Genetically modified

Genetically modified plants with characters resulting from the deliberate implantation of genetic material from a different germplasm may form a cultivar.[28]

Cultivar names

Cultivars are identified by uniquely distinguishing names. Names of cultivars are regulated by the International Code of Nomenclature for Cultivated Plants, are registered with an International Cultivar Registration Authority (ICRA) and conform to the rules of the ISHS International Society for Horticultural Science (ISIS) Commission for Nomenclature and Cultivar Registration. There are separate registration authorities for different plant-groups. In addition, cultivars may get a trademark name, protected by law (see Trade designations and "selling names", below).

Presenting in text

Viola 'Clear Crystals Apricot'
The specific epithet may be omitted from a cultivar name

A cultivar name consists of a botanical name (of a genus, species, infraspecific taxon, interspecific hybrid or intergeneric hybrid) followed by a cultivar epithet. The cultivar epithet is capitalised and put between single quotes: preferably it should not be italicized. Cultivar epithets published before 1 January 1959 were often given a Latin form and can be readily confused with the specific epithets in botanical names: after that date, newly coined cultivar epithets must be in a modern vernacular language to distinguish them from botanical epithets.[29]

Cryptomeria japonica 'Elegans'
Chamaecyparis lawsoniana 'Aureomarginata' (pre-1959 name, Latin in form)
Chamaecyparis lawsoniana 'Golden Wonder' (post-1959 name, English language)
Pinus densiflora 'Akebono' (post-1959 name, Japanese language)
Some incorrect examples:
Cryptomeria japonica "Elegans" (double quotes are unacceptable)
Berberis thunbergii cv. 'Crimson Pygmy' (this once-common usage is now unacceptable, as it is no longer correct to use "cv." in this context; Berberis thunbergii 'Crimson Pygmy' is correct)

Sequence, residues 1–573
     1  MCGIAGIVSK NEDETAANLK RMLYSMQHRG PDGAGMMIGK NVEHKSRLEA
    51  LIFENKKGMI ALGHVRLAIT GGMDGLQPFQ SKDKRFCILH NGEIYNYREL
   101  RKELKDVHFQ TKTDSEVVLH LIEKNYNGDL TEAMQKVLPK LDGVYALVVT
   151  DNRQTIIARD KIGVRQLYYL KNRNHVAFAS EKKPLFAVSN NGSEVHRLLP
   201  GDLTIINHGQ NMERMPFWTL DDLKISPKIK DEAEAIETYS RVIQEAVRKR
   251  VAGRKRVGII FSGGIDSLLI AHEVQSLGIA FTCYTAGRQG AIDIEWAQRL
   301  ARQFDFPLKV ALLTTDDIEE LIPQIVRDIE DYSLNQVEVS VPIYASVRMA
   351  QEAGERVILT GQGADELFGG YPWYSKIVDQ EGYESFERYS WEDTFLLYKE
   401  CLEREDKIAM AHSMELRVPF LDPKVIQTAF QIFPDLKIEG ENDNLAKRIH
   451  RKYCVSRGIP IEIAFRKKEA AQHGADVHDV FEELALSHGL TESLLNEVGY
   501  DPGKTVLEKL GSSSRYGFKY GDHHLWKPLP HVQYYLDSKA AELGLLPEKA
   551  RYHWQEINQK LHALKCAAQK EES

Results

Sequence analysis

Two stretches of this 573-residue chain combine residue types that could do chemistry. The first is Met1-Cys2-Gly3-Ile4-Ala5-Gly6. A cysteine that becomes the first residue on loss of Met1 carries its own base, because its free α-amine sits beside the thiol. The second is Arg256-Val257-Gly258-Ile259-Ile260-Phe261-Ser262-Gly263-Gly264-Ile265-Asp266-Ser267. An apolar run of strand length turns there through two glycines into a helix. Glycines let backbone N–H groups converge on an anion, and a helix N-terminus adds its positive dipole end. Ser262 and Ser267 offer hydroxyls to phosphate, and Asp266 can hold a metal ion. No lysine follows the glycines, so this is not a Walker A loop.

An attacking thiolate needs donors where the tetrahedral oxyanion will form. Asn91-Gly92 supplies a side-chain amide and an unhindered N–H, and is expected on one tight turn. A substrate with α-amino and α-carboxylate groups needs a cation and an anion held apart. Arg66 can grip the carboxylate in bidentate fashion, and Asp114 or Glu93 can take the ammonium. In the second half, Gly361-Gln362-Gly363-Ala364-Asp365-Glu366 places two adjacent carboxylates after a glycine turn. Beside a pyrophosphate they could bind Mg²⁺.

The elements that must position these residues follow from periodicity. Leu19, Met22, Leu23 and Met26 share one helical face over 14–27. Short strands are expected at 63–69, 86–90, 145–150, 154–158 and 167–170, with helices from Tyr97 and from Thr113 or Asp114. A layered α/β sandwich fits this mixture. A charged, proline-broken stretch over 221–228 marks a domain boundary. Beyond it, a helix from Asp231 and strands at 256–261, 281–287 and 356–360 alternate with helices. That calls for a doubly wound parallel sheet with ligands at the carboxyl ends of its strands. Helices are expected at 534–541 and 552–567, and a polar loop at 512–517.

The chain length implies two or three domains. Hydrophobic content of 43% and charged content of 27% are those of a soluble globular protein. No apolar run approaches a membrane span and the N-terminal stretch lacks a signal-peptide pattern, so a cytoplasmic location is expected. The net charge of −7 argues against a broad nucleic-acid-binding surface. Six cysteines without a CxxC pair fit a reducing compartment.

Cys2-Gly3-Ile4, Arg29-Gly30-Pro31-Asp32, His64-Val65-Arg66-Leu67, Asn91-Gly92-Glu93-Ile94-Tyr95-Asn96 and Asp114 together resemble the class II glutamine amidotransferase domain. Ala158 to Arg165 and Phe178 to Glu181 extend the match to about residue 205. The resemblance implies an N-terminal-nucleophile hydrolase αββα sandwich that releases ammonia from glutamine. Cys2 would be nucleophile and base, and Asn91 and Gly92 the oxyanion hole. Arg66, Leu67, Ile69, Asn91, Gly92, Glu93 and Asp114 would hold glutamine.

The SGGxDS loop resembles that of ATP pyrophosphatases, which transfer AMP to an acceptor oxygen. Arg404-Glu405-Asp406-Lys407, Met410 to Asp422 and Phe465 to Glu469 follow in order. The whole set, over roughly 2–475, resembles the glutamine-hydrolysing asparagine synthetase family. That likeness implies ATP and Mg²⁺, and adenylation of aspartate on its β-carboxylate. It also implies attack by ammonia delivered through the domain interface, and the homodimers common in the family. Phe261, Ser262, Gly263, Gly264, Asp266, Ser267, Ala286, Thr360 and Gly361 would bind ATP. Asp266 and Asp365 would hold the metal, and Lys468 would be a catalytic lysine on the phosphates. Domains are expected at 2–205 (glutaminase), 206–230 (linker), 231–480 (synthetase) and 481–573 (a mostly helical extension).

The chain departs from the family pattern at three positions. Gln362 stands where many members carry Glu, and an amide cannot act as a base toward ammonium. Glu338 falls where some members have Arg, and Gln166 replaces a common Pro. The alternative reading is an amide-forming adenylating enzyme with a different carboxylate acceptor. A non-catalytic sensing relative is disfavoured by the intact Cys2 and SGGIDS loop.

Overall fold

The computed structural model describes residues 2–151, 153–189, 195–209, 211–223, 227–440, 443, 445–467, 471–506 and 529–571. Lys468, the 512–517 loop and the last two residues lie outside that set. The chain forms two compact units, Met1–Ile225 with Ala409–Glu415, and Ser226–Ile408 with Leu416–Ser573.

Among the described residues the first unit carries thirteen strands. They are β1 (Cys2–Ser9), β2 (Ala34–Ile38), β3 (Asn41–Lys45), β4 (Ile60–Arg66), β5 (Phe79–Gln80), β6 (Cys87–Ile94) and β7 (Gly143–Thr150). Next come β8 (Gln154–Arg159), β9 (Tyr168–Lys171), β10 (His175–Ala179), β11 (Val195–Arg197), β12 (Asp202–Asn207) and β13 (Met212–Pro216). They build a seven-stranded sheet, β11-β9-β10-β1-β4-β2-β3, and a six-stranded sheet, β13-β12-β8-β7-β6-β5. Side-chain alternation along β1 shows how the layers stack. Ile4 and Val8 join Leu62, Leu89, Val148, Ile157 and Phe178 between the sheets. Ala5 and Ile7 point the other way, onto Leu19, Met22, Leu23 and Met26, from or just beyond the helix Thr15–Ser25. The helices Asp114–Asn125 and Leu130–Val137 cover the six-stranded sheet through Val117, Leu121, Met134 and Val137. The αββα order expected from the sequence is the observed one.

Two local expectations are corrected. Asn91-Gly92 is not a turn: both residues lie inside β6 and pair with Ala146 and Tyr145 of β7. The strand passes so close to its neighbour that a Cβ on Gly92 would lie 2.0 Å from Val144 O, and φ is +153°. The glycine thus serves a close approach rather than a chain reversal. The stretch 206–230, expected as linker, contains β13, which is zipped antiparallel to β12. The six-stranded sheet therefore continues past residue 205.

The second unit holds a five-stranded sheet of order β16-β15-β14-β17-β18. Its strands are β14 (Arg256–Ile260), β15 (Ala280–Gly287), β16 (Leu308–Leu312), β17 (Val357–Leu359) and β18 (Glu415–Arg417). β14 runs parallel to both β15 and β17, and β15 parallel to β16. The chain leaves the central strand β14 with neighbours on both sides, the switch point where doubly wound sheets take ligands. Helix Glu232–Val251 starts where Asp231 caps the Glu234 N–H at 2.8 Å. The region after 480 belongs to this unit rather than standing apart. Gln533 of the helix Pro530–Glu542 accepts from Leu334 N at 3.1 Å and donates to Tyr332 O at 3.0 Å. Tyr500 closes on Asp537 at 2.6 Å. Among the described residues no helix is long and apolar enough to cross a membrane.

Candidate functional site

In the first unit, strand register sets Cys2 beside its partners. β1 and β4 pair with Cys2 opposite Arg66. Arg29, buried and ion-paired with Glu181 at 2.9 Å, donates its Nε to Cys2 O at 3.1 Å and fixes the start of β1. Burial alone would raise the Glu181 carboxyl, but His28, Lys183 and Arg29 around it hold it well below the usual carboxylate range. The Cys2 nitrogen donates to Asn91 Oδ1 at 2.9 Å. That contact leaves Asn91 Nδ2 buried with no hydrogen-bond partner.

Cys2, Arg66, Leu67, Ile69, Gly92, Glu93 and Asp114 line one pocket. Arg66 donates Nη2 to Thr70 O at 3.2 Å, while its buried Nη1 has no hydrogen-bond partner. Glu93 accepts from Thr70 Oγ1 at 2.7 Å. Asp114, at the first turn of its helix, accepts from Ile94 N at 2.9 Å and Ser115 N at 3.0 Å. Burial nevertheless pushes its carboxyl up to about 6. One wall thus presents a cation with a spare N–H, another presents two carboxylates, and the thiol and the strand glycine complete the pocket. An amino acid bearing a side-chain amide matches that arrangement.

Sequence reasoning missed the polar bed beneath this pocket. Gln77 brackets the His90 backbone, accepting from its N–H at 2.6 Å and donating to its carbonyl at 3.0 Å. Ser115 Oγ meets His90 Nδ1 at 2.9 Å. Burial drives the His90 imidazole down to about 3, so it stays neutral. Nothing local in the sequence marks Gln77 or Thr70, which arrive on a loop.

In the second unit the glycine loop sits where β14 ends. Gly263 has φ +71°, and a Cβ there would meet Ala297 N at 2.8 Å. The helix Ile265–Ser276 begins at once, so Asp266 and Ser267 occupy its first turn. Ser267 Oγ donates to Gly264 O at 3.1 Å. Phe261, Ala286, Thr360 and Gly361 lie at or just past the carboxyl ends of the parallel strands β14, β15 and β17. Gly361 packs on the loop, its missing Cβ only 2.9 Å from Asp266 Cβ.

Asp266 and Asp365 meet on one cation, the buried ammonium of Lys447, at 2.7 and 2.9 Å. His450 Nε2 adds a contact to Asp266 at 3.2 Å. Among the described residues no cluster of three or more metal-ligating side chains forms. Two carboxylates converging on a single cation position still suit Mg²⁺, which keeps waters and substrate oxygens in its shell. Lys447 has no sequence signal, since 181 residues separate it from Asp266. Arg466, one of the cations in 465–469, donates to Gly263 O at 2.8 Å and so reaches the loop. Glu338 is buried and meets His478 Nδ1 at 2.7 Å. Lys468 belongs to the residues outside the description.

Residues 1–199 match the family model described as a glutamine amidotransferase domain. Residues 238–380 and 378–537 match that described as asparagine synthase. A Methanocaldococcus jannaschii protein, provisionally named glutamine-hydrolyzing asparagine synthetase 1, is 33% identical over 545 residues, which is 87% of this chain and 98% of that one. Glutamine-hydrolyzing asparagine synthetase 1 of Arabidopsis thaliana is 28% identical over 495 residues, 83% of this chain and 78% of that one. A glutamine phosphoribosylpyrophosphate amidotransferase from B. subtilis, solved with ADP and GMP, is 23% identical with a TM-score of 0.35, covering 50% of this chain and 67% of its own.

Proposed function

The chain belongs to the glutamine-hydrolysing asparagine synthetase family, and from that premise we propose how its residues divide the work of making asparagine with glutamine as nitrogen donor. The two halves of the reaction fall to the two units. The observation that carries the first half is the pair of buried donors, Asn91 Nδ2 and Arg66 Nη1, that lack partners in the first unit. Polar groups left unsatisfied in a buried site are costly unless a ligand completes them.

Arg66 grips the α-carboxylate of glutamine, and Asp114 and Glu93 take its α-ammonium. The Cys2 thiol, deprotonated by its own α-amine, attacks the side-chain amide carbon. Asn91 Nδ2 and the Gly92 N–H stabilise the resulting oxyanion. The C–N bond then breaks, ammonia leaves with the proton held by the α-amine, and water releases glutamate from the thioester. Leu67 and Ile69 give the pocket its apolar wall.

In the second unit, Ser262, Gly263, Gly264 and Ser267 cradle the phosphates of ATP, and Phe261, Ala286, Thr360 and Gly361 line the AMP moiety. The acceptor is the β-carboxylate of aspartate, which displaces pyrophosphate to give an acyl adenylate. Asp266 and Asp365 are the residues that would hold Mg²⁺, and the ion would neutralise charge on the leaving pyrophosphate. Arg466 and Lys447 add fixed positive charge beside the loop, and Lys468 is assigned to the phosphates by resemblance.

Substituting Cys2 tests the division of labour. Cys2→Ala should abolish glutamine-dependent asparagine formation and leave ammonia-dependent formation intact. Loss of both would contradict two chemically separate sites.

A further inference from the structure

Rosa cv. 'Peace' (this is now incorrect for two reasons: firstly, the use of "cv."; secondly, "Peace" is a trade designation or "selling name" for the cultivar R. 'Madame A. Meilland' and should therefore be printed in a different typeface from the rest of the name, without any quote marks, for example: Rosa Peace.)

Group names

Where several very similar cultivars exist, these are termed Groups; the name is in normal type and capitalised as in a single cultivar, but not in single quotes, and followed by "Group" (or its equivalent in other languages).[30]

Presenting in text

Brassica oleracea Capitata Group (the group of cultivars including all typical cabbages)
Brassica oleracea Botrytis Group (the group of cultivars including all typical cauliflowers)
Hydrangea macrophylla Groupe Hortensis (in French) = Hydrangea macrophylla Hortensia Group (in English)

Where cited with a cultivar name the Group should be enclosed in parentheses, as follows:

Hydrangea macrophylla (Hortensia Group) 'Ayesha' [31]

Some cultivars and cultivar Groups are so well "fixed" or established that they "come true from seed", meaning that the plants from a seed sowing (rather than vegetatively propagated) will show very little variation. In the past, such plants were often called by the terms "variety", "selection" or "strain"; these terms (particularly "variety", which has a very different botanical meaning) are best avoided with cultivated plants. Normally, however, plants grown from seed taken from a cultivar can be very variable and such seeds or seedling plants should never be labelled with, or sold under, the parent cultivar's name (see [2] an article by Tony Lord of The RHS Plant Finder).

International Cultivar Registration Authorities

An International Cultivar Registration Authority (ICRA) is a voluntary, non-statutory organization appointed by the ISHS’s Commission for Nomenclature and Cultivar Registration. The members of the system come mostly from societies and institutions specializing in particular plant genera such as Dahlia or Rhododendron and are currently located in Europe, North America, China, India, Singapore, Australia, New Zealand, South Africa and Puerto Rico.[32]

Annual reports are produced by each ICRA and reappointment is considered every four years. Each ICRA maintains the names for the cultivars in its interest group registers of the names within th group are maintained and published periodically. One major aim is to prevent duplicated uses of cultivar and Group epithets within a genus, as well as ensuring that names are in accord with the latest edition of the Cultivated Plant Code. This is a way of regulating cultivated plant nomenclature; over the 50 years or so that ICRAs have existed they have contributed significantly to the stability and fixity of cultivated plant nomenclature. In recent times many ICRAs have also recorded trade designations and trademarks used in labelling plant material, to avoid confusion with established names.